Manitoulin Streams youth trapping course trains five new trappers

Five youth took part in the annual trapper workshops put on by the Manitoulin Streams Improvement Association, Ben Marshall, Michael Hore, Trevor White, Alex Smith and Jake Alward.

MANITOULIN – The Manitoulin Streams Improvement Association has been organizing hunter and trapper workshops since 2006 and the program has developed into a great way to involve youth and spur their interest in the outdoors by learning the long held skill of trapping.

“It is the only program like it in the province that I know of,” said youth trapping course instructor George Hagen. “All (participants) at first are wide-eyed and wondering what they have done on Thursday, but by the time Friday night comes around, and they get to know each other and about the program, everything is good. I have yet to have a bad crew.”

“We had five youth take part in the trapping course this year,” said Mr. Hagen, noting one had dropped out at the last minute or there would have been six youth on hand. The five youth included Ben Marshall, Michael Hore, Trevor White, Alex Smith and Jake Alward, all between the ages of 16 and 19.

Mr. Hagen, who runs the camp with his assistant (and camp cook) Gino Cacciotti, explained the group met last Thursday at the tourist information centre in Little Current. The group travelled to Espanola for supper and then made their way into Mr. Hagen’s trapping camp located north of Agnew Lake.

On Thursday night, participants familiarized themselves with the camp, stored their gear away and filled out paper work. “On Friday morning we explain the course to them,” said Mr. Hagen, noting that students are expected to attain a mark of 80 percent in both written exams taken at the end of the camp as well as making two trap nets and skinning a carcass. 

“The course covers all fur-bearing animals, even those that we don’t harvest in this area,” said Mr. Hagen. “The course stresses humane trapping methods and provides basics on how they can become trappers in a professional manner.” Students are taught the proper way of setting traps, rules and regulations they have to follow, for instance having to use connibear traps that are approved by Canadian Trapping Standards, harvesting, skinning and preparing the furs. They also make sets and check traps, do some skinning—both case and open—so they become familiar with both methods.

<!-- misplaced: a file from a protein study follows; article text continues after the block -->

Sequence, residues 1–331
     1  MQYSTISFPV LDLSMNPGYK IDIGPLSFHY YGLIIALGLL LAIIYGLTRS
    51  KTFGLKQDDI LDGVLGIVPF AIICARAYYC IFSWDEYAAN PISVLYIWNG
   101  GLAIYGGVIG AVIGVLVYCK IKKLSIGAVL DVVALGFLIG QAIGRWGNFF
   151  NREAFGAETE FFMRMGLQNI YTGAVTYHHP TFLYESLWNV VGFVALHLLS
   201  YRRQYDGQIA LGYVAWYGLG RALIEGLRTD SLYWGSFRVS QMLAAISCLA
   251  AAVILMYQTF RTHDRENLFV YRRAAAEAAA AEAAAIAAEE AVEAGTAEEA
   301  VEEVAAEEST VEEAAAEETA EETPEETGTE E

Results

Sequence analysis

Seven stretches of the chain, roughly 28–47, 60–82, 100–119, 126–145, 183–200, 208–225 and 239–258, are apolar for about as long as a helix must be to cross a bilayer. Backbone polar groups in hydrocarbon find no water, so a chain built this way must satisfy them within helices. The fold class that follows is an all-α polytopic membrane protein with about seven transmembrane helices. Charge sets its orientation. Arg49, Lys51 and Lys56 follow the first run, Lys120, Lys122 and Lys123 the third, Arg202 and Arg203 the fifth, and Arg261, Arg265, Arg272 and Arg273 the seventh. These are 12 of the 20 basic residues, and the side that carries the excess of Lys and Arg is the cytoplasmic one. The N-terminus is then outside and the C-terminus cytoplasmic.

Mr. Hagen said the students are introduced to different types of traps, sharpening and cleaning knives and working safely. “The course also covers a little about survival skills such as travelling on the ice, frostbite and having proper first aid kids they should have on them at all times when they are trapping.” He pointed out the course is funded through Manitoulin Streams. 

Seija Deschenes, Manitoulin Streams project coordinator said, “an objective of Manitoulin Streams is about fostering a sense of ecosystem-based community, with citizen involvement in land and water stewardship, accepting responsibility for protecting our land and water for generations to come.” Part of stewarding citizen involvement in land and water ecosystems consists of encouraging as well as educating sustainable hunting and trapping through workshops.

The youth especially enjoy the hands-on practice and getting out in the  bush and experiencing a little bit of what a trapper’s life could be, says Ms. Deschenes. Furthermore, they were taught to look for signs of activity such as where critical habitat and food sources  and entrances furbearers naturally frequent. All five youth passed the 2019 course and will apply for their trapper’s licence with the Ontario Fur Harvester’s Association.

“When they get their trappers licence they will also received a trappers starter kit, with a value of about $425,” said Mr. Hagen. “It’s a really good program.” 

“Our zone director with the Ontario Fur Managers is impressed the program has been running as long as it has,” said Mr. Hagen. “It’s sometimes hard to get kids interested in the outdoors. I know Seija and Maria (Diebolt of Manitoulin Streams) have contacted past students and quite a few are still trapping. And I remember one boy, his last name is Hughson, who was 17 when he took the course. He  said he had never worked so hard, and never had so much fun (taking the course),” added Mr. Hagen.
Ms. Deschenes added, “funding raised through our Jacket and Jeans Fundraiser gala helped sponsor these five students to become trappers. It is  great to get these kids out on the land and managing our resources.”